Why I’m Hoping for a Mitt Romney-Paul Ryan Ticket

Why not have the argument over revenue and spending now, and not later?

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For me, it's all about the reality of revenue. Absent major reforms to the tax code and the federal budget, we're going to need more of it. More than the federal government receives now. Certainly more than Rep. Paul Ryan's budget proposal envisions it receiving over the next 10 years. And possibly even more than the Obama administration's more generous budget envisions it receiving.

The reason why we're going to need more revenue is threefold, as the above-linked American Prospect study observes: a graying population that will severely strain the Medicare and Social Security programs, as well as state and local budgets; deep-seated public expectations that such programs will continue to exist in something like their current form; and, lest anyone forget, crumbling infrastructure.

[ See a collection of political cartoons on the budget and deficit.]

The Prospect lays out a realistic liberal vision:

What levels of revenue will actually be needed? Revenues would need to be 22 percent of GDP on average over the next decade just to achieve fiscal balance under either the Simpson-Bowles or Obama Administration budget plans, both of which cut spending in important areas. Avoiding deep cuts and actually increasing public investment in the foundations of prosperity would require federal tax revenues closer to 24 percent of GDP. Meanwhile, revenues at the state and local levels would also need to rise. All told, the United States may be looking at combined federal, state, and local revenue needs in the range of 40 percent of GDP during coming decades as the Boomers retire, depending upon how much debt is considered acceptable.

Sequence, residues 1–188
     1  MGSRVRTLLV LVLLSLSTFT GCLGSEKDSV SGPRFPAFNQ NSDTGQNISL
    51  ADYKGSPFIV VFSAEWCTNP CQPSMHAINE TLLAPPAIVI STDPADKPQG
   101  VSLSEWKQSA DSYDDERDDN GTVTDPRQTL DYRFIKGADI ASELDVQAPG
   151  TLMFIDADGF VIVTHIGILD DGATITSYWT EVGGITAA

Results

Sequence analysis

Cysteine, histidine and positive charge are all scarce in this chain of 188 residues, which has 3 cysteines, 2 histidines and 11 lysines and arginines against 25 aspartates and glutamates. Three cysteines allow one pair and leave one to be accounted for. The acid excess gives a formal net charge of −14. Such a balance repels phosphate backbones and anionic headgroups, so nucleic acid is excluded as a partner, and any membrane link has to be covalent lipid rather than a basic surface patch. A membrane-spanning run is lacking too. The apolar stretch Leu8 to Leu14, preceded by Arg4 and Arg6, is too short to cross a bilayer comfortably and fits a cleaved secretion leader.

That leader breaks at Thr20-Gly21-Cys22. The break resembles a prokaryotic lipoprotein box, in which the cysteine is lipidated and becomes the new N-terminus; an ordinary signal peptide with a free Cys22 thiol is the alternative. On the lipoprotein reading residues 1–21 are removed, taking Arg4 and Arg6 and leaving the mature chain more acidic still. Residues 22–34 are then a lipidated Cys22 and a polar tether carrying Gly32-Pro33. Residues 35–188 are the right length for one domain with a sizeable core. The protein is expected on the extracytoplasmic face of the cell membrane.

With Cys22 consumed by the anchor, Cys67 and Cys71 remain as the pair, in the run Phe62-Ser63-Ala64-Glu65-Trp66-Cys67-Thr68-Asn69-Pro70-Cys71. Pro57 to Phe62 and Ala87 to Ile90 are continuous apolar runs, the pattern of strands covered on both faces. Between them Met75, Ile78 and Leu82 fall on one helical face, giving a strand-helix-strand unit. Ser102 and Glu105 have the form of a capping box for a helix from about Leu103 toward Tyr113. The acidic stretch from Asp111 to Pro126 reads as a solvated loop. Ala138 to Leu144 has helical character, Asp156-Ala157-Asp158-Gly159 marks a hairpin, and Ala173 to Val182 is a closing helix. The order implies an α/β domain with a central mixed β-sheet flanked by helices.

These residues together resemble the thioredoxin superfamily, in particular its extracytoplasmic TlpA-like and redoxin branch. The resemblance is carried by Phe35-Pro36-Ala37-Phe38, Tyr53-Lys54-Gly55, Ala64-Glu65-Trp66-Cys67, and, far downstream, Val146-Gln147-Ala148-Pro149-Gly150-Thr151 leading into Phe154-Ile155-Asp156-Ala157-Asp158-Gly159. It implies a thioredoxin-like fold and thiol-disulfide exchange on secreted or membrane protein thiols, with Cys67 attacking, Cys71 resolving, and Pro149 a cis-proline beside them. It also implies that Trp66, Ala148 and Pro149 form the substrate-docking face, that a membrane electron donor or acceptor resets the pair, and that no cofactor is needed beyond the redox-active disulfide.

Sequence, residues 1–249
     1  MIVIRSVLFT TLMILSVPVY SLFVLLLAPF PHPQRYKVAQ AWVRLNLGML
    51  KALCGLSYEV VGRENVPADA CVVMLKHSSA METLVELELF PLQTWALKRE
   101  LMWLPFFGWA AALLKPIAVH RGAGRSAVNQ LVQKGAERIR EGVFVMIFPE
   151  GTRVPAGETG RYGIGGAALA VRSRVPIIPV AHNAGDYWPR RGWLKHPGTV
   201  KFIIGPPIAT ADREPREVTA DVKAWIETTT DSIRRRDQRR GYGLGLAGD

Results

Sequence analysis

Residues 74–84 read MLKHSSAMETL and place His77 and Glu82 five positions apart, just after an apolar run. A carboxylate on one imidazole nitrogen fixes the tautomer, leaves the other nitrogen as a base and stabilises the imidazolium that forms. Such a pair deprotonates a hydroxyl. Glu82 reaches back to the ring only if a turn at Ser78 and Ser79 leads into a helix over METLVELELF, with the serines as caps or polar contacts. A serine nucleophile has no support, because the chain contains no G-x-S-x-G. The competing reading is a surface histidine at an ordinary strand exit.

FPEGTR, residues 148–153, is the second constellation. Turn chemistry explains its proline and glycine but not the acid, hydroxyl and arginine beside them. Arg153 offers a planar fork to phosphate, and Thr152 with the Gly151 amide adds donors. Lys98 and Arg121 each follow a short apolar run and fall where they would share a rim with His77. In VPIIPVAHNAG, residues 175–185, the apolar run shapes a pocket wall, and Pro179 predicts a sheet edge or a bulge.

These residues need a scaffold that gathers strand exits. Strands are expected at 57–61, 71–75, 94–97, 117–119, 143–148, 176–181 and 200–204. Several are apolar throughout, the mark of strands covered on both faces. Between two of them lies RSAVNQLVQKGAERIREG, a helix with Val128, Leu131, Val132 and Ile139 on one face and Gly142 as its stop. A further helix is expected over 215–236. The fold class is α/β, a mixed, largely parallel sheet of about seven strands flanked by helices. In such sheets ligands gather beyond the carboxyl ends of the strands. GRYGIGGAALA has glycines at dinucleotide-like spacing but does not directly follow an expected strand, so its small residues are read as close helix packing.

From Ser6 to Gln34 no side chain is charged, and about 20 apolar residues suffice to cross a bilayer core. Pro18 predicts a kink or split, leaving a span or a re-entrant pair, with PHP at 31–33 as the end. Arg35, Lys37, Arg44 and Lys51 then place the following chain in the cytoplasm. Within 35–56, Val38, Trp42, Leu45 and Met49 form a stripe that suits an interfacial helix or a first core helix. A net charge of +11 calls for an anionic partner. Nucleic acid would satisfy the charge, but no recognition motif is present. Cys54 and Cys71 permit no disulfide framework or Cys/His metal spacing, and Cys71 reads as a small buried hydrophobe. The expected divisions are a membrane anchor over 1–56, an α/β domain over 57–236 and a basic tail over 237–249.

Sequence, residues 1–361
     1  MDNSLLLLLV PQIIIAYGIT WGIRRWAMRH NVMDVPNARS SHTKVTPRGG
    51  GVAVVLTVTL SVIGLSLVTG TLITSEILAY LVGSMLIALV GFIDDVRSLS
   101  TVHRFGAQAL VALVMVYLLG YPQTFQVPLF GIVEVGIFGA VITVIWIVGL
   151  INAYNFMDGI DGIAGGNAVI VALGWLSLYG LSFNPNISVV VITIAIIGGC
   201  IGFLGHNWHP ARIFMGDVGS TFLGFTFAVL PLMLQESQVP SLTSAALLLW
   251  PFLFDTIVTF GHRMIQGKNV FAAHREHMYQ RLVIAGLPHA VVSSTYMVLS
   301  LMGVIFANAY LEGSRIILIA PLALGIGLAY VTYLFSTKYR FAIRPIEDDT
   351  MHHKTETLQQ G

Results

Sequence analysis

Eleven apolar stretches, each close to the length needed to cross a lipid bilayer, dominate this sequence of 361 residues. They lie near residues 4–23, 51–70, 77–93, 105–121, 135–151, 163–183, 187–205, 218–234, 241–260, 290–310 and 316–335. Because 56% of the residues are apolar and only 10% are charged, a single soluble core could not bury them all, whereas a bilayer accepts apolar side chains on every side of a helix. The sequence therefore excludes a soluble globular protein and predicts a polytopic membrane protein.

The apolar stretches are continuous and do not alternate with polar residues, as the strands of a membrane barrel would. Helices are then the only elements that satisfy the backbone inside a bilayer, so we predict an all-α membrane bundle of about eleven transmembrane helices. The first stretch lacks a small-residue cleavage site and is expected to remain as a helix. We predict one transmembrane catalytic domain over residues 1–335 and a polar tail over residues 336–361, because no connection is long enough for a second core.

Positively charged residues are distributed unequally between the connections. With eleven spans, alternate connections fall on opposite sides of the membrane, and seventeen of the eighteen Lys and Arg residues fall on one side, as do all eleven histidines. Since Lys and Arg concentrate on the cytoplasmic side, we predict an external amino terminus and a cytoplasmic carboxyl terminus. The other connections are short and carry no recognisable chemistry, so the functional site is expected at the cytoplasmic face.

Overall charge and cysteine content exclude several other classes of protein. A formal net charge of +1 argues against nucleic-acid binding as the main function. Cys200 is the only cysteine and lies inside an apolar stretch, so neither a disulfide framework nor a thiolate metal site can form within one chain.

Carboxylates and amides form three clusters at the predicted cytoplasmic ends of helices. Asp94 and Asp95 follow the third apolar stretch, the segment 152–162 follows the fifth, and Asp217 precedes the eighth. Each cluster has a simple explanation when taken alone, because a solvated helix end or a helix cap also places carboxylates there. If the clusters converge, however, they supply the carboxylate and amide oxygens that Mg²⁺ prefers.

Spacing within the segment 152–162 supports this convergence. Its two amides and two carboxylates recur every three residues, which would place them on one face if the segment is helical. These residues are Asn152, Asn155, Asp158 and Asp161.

Needless to say, I don't believe most Americans, accustomed as they are to enjoying big government on the cheap, are prepared to cough up that kind of money.

This is why I'm hoping former Gov. Mitt Romney picks Ryan to be his running mate. President Obama would very much like to run against Ryan's budget, sensing that a majority of voters will reject it. And so they very well might.

[ Read the U.S. News debate: Will the New Ryan Budget Plan Hurt the GOP in 2012?]

So why not have this argument straight-up? And now, not later?

If Obama wins a contest in which the Ryan budget is a centerpiece of the GOP campaign, then perhaps enough Republicans will be ripe for a Bowles-Simpson- or Gang of Six-style compromise next year. Perhaps, under this scenario, enough Republicans will concede that the country can't afford more tax cuts.

Conversely, if a Romney-Ryan ticket unseats Obama, then the Romney administration might have a clear electoral mandate. And with such a mandate, the GOP could begin to honestly reshape the public's expectations about the level of government services it will receive in the future.

[ See a collection of political cartoons on Mitt Romney.]

As things stand now, both sides are shadow-boxing with alternate fantasies: The Obama administration seems to think that we can preserve the status quo with Clinton-era tax rates and some tweaks to the entitlement system (tweaks that, one hastens to add, many rank-and-file Democrats oppose). And some Republicans have visions of a federal government that, whether or not one accepts the term " social Darwinism," is scaled back to the size it was in 1950.

This November, I'd like to see one or the other of these visions given a good spanking.

Then maybe the country can—finally—get down to business.